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UN wants Gaza-style human rights inquiry

The UN wants an inquiry similar to the one that looked into fighting in Gaza to determine if war crimes were committed in Sri Lanka in the final months of its 26-year war between government troops and the LTTE, which ended in May this year. Sutirtho Patranobis reports.

world Updated: Oct 25, 2009 00:57 IST
Sutirtho Patranobis

The United Nations wants an inquiry similar to the one that looked into fighting in Gaza to determine if war crimes were committed in Sri Lanka in the final months of its 26-year war between government troops and the LTTE, which ended in May this year.

"There hasn't been a full inquiry into what did or did not happen in the last months of the war," Rupert Colville, a spokesperson for the U.N. High Commissioner of Human Rights, was quoted by Reuters as having said in Geneva.

Colville said that an inquiry into the conduct of Lankan troops and Tamil Tigers could be conducted along the lines of the Gaza investigation commissioned by the U.N. Human Rights Council and led by jurist Richard Goldstone.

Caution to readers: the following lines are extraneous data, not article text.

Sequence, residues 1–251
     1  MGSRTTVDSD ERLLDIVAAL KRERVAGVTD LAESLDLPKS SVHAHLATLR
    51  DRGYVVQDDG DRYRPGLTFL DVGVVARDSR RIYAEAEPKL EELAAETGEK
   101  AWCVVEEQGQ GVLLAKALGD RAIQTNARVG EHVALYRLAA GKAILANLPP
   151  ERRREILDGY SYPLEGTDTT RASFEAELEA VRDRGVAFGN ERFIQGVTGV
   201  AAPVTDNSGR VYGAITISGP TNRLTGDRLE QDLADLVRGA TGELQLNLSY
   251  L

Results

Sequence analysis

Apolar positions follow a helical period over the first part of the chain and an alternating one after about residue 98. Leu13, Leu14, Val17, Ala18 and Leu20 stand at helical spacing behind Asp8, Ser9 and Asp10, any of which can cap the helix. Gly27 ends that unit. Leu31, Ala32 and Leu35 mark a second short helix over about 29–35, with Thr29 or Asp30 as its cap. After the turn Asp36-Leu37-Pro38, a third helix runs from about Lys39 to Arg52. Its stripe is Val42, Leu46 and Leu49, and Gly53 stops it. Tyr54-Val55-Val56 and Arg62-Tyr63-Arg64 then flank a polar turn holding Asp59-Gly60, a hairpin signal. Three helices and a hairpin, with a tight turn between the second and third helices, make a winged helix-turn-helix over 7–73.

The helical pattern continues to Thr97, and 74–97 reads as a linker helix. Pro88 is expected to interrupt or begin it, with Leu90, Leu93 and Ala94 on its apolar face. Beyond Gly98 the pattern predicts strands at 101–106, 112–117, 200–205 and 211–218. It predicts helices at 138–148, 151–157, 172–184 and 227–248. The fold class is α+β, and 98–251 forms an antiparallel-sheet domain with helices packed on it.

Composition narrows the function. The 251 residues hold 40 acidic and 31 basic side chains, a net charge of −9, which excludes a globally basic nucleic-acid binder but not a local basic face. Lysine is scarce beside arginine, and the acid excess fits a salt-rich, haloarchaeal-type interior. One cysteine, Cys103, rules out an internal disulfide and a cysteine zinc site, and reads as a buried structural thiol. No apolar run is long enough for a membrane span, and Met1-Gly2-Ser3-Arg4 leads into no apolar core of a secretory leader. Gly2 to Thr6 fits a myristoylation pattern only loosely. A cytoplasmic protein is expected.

The comments assume significance as it comes after the US State Department detailed atrocities toward the end of Sri Lanka's civil war. That report recounted allegations of military shelling of civilians and killing of captives, as well as charges that Tamil rebels recruited children to fight in the war.

Sri Lanka immediately rejected the report, as "unsubstantiated and devoid of corroborative evidence" and said LTTE supporters had a history of fabricating stories to damage the government's reputation.

Colville, speaking to a U.N. press briefing in Geneva, said that while the State Department findings were not exhaustive, it was important to credibly lay out what civilians endured as Sri Lanka's conflict neared its end.

"We still believe that something like the Gaza fact-finding mission is certainly warranted," he said.

Meanwhile, Neil Buhne, the UN Resident and Humanitarian Coordinator for Sri Lanka, says the response from donors to humanitarian needs had been good, but there was frustration over the closed nature of the camps, the Integrated Regional Information Network (IRIN) website reported.

“Among the donors we talked to, there is a hesitation in terms of their assistance to camps over the next three or four months if there’s not significant progress on people returning, or larger numbers of people being allowed to leave,” Buhne told IRIN.

“Donor fatigue is really in respect to continuing these closed camps… Donors have not said no, but they have indicated their concerns to us,” he said.